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Mortgage No Money Down - What You Need To Know About No Money Down Mortgages

payment pmi loan homeowners

Finding a no money down mortgage isn’t as easy as it once was, but it is still possible. As foreclosures have increased and lenders have struggled, lending policies have been tightened up. Why? Real estate values in many areas have been flat or declining, plus a zero down mortgage is riskier for the lender. Homeowners who have made no down payment essentially have no financial stake in their home and are more likely to just walk away when times get tough.

The industry standard not so many years ago was 20% down, giving homeowners some equity at the outset of the loan and providing lower risk for lenders. As real estate values skyrocketed a few years ago, both lenders and homeowners looked for ways to cash in. Consequently, many lenders began offering new and riskier options for getting a mortgage. No money down mortgages became extremely widespread and popular, but combined with falling real estate values over the last few years, many homeowners found themselves underwater on their mortgages (owing more than the home could sell for). Lenders had no choice but to tighten their policies, making it extremely difficult to get a mortgage with zero down.

What are today’s options? While there are several options for getting a low down payment mortgage, no money down mortgages are all but impossible unless you are a veteran who qualifies for a VA loan. FHA loans, which once were a fairly small percentage of the mortgage market, have increased tremendously and are now the most popular option for low down payment mortgages. It is possible to get an FHA mortgage with as little as 3.5% down. Freddie Mac also offers a mortgage option with just 3% down. Another option for those unable to make a down payment is that some loan programs allow money from other sources to be used toward the down payment. In other words, gifts from relatives or employers may be used toward the down payment on a mortgage.

There are some distinct disadvantages to a zero down mortgage. No money down means the homeowner is starting out with a larger loan balance and a higher monthly payment. Another disadvantage is private mortgage insurance (PMI). The purpose of PMI is to provide insurance to the lender in the event the homeowner defaults on the loan. Homeowners who have put less than 20% down on their mortgage are generally required to pay PMI. While PMI does allow potential homeowners a way to still get a mortgage if they have less than a 20% down payment, it also means a higher monthly payment. PMI is typically ½% of the loan amount annually. On a $200,000 loan, this means the PMI premium would be $1000 per year or about $83 per month. PMI is required by law to be dropped by the lender once the homeowner has 22% equity in their home, but some programs allow the PMI premium to be dropped once homeowners hit 20% equity.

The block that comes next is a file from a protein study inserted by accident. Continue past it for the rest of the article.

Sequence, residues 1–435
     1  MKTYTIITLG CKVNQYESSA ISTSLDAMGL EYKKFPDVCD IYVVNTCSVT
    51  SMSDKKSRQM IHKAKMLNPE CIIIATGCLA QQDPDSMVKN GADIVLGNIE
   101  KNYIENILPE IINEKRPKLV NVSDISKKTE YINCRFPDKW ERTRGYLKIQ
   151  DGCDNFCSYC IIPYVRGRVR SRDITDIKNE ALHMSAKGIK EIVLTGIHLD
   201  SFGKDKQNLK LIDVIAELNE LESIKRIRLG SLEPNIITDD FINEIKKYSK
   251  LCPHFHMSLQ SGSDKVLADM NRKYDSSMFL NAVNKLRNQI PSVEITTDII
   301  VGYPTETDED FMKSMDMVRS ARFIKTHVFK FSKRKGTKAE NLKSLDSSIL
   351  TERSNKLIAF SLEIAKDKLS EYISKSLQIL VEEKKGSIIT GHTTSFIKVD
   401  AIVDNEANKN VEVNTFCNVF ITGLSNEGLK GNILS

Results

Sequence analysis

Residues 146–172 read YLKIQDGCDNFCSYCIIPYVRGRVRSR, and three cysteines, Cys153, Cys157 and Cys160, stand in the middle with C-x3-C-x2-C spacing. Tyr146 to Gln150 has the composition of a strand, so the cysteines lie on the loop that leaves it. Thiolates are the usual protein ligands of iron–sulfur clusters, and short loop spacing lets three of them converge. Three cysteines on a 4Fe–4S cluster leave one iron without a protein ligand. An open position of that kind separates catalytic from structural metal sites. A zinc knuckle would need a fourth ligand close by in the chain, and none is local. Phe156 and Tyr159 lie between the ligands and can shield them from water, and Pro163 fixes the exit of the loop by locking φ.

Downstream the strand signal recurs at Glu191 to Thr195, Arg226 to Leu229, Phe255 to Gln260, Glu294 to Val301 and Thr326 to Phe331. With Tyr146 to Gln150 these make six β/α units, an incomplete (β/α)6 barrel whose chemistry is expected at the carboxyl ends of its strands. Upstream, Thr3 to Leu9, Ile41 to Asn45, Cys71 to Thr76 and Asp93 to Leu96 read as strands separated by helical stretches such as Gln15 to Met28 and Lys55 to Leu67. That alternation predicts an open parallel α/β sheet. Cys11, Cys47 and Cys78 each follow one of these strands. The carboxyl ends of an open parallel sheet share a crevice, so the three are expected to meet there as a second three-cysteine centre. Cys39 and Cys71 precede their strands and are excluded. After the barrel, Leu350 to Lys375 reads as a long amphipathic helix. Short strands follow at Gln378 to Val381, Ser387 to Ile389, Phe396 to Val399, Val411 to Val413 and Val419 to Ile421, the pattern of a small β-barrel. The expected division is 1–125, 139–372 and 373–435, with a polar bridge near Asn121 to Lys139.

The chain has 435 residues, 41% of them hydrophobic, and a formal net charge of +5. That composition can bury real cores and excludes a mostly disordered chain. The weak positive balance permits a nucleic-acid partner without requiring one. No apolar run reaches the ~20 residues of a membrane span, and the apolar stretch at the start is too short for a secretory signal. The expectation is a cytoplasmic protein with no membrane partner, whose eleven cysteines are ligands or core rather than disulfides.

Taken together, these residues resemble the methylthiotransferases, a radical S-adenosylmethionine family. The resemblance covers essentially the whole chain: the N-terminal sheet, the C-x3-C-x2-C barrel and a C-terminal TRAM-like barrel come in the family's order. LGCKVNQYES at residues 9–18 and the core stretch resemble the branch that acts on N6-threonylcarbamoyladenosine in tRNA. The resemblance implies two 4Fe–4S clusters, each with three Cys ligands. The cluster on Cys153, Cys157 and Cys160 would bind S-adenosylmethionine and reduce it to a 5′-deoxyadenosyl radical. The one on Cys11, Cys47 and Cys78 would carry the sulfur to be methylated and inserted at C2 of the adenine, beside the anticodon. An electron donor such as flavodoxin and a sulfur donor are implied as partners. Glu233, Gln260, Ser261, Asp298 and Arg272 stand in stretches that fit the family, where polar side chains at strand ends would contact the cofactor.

Despite its disadvantages, no money down mortgages could make sense for some homebuyers.
• First-time homebuyers: First-timers may have no other option for purchasing a home other than a zero or low down payment loan. The disadvantages of these loans may still be a better option than continuing to pay rent.
• Real estate values rising quickly: Even though you wouldn’t be building equity with a down payment, you could build your equity through the increasing value of your home.
• Invest the money elsewhere: For years, it was a pretty good bet that real estate values would rise. This hasn’t been true over the last few years. In many cases, values have dropped dramatically. If you have the discipline to actually invest the money you would have used for your down payment, you may be able to get a better return on your money investing it somewhere else.
• Pay off debt: With interest rates on debts such as credit cards and auto loans well into double digits, you may want to put your down payment funds toward paying off these debts. While the real estate market can be something of a gamble these days, it’s a sure bet that you’ll get an 18% return, for example, paying off the balance on a credit card with an 18% interest rate.
• Moving costs and other start-up expenses: Moving can be expensive unless you have an employer picking up the tab. There are also a variety of other costs associated with buying a home. Unless you have the cash to pay for these expenses, it could make sense to use down payment money to cover these costs rather than take on credit card debt to cover them.

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